Walking/running intervals are common features in many beginner running training plans, including the ever-popular Couch to 5k training plan.
You are returning to running after an injury
If you are returning to running following an injury, then it’s important that you don’t put too much pressure on yourself to regain your pre-injury fitness levels. In many cases, this simply isn’t possible and you’ll need to build back your fitness and endurance following an injury.
By running a mile a day, you will be able to gently ease yourself back into running. Running a mile a day is also a great way to get back into the ‘feel’ of running. If you’ve had a long break, running may feel unfamiliar when you first start running – use these short runs to regain some of your confidence.
You want to set yourself a running challenge
Running a mile a day is a great goal and challenge to set yourself, whether you’re a beginner, intermediate or advanced runner.
Many runners look for a challenge when their current training routine has become boring or stale. Whether you’re bored of the same old running routes, or would like to make your training plan more exciting, then consider running a mile a day.
You want to improve your mental health
One of the reasons I love running is that it allows me to reconnect my body and mind. It has many mental benefits, and running has been shown to help alleviate symptoms of stress, anxiety and depression.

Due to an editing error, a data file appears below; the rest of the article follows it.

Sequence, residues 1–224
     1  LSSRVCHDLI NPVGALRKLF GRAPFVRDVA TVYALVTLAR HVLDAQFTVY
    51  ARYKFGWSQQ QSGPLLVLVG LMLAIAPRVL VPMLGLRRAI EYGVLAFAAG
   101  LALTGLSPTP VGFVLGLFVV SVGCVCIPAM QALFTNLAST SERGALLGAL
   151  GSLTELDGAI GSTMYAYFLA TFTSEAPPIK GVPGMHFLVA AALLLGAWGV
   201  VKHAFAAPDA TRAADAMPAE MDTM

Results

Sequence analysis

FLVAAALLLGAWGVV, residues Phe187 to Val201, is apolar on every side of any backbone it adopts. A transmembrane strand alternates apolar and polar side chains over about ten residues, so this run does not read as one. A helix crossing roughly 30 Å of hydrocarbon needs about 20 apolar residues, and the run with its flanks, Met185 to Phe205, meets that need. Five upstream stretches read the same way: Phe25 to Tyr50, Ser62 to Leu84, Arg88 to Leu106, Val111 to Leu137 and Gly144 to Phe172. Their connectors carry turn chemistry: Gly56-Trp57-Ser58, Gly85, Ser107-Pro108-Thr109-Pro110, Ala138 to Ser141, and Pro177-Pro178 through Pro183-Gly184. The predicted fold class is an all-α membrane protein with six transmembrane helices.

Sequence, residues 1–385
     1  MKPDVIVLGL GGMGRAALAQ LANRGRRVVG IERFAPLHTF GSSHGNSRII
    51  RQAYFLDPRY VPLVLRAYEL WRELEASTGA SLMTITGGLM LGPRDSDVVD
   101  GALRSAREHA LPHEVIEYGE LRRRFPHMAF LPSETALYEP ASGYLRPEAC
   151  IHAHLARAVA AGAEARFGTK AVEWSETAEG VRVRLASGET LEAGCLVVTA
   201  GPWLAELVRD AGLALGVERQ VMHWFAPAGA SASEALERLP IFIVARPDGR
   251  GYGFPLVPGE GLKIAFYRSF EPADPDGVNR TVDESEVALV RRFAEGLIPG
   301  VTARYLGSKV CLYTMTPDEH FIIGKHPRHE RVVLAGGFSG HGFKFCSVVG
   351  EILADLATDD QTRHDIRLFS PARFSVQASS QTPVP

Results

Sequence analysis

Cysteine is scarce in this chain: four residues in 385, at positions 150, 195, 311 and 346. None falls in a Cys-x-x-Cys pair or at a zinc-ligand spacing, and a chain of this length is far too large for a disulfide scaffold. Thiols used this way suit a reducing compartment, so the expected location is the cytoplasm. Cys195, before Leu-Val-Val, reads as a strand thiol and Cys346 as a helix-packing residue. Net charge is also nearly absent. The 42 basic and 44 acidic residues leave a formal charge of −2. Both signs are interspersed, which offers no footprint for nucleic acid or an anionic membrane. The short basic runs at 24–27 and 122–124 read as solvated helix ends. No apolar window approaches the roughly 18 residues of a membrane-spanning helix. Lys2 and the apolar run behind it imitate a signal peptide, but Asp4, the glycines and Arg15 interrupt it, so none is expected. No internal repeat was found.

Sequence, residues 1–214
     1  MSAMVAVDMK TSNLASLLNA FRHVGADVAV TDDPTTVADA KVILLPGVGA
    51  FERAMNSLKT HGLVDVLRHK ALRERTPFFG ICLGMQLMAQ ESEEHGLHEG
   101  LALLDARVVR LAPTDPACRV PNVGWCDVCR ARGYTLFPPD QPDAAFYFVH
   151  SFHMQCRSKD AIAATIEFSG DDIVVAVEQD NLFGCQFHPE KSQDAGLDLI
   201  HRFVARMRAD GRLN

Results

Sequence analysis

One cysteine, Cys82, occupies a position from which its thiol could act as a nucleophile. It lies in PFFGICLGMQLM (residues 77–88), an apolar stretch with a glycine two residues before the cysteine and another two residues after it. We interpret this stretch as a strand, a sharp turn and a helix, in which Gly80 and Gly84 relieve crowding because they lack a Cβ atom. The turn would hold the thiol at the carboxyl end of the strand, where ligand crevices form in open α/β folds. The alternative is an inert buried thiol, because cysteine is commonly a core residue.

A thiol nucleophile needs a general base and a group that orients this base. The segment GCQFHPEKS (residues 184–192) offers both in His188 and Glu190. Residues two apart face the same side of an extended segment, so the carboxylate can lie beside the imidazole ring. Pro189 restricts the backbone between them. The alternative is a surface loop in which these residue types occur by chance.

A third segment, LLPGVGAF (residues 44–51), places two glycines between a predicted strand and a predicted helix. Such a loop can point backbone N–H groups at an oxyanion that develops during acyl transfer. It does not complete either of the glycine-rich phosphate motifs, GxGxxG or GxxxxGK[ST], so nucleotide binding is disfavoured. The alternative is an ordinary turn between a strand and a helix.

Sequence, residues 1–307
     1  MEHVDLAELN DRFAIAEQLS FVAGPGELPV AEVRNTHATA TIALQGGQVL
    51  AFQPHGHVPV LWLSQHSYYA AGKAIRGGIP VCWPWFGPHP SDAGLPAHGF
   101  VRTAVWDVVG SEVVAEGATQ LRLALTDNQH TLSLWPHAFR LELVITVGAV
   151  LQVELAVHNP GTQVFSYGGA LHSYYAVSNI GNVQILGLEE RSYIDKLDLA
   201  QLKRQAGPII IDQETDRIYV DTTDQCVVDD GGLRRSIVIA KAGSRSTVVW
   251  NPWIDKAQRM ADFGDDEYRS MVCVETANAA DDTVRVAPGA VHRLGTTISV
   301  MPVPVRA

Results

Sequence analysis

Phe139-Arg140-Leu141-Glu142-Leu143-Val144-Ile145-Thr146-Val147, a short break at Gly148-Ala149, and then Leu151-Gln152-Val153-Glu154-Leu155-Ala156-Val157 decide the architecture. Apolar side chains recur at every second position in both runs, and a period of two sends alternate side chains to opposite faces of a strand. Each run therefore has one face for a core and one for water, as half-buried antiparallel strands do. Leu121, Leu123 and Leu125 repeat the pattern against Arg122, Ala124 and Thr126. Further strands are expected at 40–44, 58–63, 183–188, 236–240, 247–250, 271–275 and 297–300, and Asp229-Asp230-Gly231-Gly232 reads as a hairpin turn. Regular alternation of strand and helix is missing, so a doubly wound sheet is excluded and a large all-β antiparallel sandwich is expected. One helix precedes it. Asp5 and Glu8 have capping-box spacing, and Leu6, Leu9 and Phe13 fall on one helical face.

Running also helps to give you a better night’s sleep, with many studies showing that exercise helps you to form better sleep habits.
Related: 6 mental health benefits of running
You want to improve your physical health
Many people like the idea of running to improve their physical health, but often don’t know where to begin. Running a mile a day offers a simple way to run without having to think about it too much.
Many studies have shown that running can reduce the risk of cardiovascular disease, and has been shown to strengthen muscles and joints, therefore reducing the risk of disease like osteoporosis.
Running is also a great way to lose weight, with many people turning to running as a simple way to lose weight and improve their health.
You want to get outdoors more
Running offers a great way to reconnect with nature and the great outdoors. There are so many fantastic running trails in and around the UK, and the time is now to get out there and explore them.
Start by running a mile a day on some of the local trails near to where you live. Whether this be your local park or nature reserve, trail running is a great alternative to road running as it takes you off the beaten track and allows you to explore what nature has to offer.
Related: 12 trail running tips for runners
You are at the start of your running journey
Running a mile a day is a manageable distance for many beginner runners who are either starting out on their running journey, or have recently completed a programme like the Couch to 5k training plan.